# Turing reducible in natural numbers?

I'm confused about Turing reducible things.

I understanded Turing reducible like this

"There is an oracle algorithm which is about set A and when this algorithm is derived from oracle algorithm of set B, it is called A is Turing-reducible to B"

So by this, I have to solve the problem.

N is the set of natural numbers = {1, 2, 3, ...}

Let A be the set of all even natural numbers.

Let B be the set of all odd natural numbers.

Prove that A is Turing-reducible to B.

Here is what I have thought.

The oracle algorithm of A is n%2==0 which n belongs to natural numbers.

And oracle algorithm of B is n%2==1 which n belongs to natural numbers.

How can I derive n%2==0 from n%2==1 ?

Or my approach is wrong?

• What does it mean to "orient" an algorithm? To provide a Turing reduction from A to B you need to show Turing Machine that has access to an oracle for B and is able to solve A. Commented Apr 12, 2020 at 10:02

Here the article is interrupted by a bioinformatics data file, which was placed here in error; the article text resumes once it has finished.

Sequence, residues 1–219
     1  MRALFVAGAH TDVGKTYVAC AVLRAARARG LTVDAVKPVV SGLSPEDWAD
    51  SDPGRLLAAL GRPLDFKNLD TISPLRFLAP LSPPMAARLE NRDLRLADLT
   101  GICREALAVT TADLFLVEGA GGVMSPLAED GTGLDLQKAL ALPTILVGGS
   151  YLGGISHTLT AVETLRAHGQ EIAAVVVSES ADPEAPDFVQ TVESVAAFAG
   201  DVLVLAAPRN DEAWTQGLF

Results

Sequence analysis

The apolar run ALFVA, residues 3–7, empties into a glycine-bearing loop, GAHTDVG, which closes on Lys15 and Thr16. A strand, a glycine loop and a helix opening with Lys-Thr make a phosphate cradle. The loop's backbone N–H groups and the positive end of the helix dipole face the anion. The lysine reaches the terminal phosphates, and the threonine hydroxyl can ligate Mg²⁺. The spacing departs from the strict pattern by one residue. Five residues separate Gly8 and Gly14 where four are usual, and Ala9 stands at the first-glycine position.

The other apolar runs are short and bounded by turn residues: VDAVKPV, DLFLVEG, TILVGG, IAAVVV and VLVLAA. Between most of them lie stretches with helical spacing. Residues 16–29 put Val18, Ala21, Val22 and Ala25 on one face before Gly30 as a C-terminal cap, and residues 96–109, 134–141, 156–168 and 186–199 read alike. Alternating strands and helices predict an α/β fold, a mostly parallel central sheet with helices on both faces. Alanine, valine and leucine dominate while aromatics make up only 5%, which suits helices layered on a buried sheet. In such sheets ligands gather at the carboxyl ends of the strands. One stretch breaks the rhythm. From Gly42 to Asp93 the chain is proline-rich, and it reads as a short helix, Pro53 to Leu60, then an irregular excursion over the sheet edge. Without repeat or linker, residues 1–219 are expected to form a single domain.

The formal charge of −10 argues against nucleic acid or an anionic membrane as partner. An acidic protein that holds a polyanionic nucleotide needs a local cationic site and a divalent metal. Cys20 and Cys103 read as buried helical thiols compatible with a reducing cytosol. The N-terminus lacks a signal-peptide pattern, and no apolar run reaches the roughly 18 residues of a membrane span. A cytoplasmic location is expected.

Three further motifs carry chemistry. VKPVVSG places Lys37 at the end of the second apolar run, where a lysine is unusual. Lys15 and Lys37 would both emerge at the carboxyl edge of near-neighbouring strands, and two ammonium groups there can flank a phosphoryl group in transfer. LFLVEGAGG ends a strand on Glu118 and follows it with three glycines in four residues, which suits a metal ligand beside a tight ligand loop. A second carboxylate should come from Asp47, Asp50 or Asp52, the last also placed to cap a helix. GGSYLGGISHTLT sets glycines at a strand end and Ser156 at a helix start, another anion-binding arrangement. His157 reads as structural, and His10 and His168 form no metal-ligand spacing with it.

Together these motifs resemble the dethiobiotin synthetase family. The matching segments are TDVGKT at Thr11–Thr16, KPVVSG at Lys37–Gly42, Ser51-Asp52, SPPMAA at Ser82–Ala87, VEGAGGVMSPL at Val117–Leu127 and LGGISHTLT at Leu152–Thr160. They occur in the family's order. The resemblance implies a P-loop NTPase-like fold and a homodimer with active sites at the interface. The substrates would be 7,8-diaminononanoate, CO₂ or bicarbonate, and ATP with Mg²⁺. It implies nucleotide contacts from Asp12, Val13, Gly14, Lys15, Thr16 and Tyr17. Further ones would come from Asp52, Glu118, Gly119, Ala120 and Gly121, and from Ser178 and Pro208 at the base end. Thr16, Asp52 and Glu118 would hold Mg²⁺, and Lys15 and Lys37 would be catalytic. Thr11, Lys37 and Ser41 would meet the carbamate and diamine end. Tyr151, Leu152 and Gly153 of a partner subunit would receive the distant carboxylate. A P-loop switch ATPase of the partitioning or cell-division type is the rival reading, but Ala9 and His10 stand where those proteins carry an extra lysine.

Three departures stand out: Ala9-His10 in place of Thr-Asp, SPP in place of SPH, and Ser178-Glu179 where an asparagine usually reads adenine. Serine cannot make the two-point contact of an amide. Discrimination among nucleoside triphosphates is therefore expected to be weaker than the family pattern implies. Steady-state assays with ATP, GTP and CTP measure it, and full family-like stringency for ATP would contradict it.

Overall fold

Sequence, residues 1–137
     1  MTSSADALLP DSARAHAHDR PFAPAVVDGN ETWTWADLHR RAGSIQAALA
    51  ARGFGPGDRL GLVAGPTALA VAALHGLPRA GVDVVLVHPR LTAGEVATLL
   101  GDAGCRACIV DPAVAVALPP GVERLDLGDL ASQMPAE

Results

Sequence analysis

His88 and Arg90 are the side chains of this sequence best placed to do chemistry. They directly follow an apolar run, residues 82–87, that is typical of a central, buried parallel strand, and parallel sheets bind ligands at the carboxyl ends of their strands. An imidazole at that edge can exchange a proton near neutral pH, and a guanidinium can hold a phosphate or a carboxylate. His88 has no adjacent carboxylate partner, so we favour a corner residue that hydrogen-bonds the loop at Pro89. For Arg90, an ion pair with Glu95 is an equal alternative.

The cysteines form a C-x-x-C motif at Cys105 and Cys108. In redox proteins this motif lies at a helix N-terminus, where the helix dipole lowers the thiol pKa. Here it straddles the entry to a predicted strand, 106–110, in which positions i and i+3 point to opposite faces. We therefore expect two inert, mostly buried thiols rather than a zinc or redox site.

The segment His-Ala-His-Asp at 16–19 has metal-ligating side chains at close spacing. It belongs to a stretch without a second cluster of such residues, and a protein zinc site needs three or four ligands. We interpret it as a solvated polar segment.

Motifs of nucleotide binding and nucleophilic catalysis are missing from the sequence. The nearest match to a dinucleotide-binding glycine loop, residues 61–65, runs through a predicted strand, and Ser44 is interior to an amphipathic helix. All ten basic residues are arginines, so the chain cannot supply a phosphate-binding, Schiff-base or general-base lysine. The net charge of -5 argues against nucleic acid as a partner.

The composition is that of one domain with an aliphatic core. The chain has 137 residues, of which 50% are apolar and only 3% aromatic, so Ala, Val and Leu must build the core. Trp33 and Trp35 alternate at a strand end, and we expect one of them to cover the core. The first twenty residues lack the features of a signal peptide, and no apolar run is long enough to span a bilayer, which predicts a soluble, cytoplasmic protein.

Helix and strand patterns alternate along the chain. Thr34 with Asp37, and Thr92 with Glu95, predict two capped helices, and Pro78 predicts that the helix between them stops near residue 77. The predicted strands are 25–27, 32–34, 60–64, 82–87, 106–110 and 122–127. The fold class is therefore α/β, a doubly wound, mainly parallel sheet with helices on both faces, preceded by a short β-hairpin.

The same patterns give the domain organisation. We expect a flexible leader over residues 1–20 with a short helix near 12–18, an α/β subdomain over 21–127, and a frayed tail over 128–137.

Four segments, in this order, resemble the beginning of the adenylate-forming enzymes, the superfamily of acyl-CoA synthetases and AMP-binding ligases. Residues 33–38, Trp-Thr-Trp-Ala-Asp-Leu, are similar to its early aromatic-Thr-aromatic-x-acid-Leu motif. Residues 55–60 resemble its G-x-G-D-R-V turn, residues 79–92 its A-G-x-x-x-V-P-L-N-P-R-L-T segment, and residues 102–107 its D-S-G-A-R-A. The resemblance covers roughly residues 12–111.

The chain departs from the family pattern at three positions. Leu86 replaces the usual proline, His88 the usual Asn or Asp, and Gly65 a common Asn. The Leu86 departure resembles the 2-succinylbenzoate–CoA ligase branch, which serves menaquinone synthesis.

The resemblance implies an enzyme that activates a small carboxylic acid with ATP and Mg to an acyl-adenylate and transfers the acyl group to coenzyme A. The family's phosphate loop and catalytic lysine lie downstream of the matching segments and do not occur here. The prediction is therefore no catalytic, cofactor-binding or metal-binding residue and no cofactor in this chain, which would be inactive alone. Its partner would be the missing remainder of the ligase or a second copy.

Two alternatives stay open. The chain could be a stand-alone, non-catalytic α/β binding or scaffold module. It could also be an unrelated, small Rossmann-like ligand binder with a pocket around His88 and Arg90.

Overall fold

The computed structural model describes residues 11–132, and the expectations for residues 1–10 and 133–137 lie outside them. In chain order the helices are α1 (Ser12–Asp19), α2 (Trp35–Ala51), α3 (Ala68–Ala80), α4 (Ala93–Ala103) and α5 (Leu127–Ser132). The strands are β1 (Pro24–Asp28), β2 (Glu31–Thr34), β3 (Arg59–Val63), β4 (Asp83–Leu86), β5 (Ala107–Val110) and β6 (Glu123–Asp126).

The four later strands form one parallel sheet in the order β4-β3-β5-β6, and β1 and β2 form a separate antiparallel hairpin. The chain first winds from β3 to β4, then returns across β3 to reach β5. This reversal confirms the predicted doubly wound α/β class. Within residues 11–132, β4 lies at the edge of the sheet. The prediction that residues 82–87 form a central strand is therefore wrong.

• @Steven I meant "derive". Sorry for confusing. Commented Apr 12, 2020 at 10:16

To show that $$A$$ is Turing-reducible to $$B$$ you need to prove the existence of a Turing Machine that is able to decide $$A$$ when given access to an oracle for $$B$$.
In your specific case a possible Turing Machine $$M$$ takes as input a string $$x \in \{0,1\}^*$$ encoding the natural number $$n$$ (I'm assuming $$0 \in \mathbb{N}$$) in binary and operates as follows:
• It flips the last bit of $$x$$. Now $$x$$ represents an odd number iff the input number $$n$$ was even.
• It invokes the oracle for $$B$$ with input $$x$$.
• It accepts iff, according to the oracle, $$x \in B$$.
Notice that the fact that $$M$$ has access to an oracle for $$B$$ does not mean that $$M$$ must use that oracle. The following is also a valid choice for $$M$$:
• Locate the last bit $$y$$ of the input string $$x$$.
• If $$y=0$$ accept. Otherwise reject.